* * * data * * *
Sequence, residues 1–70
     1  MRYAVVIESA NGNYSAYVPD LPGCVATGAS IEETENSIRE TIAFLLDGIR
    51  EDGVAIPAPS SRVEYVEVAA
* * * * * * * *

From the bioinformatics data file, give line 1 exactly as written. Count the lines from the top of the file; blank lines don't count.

Sequence, residues 1–70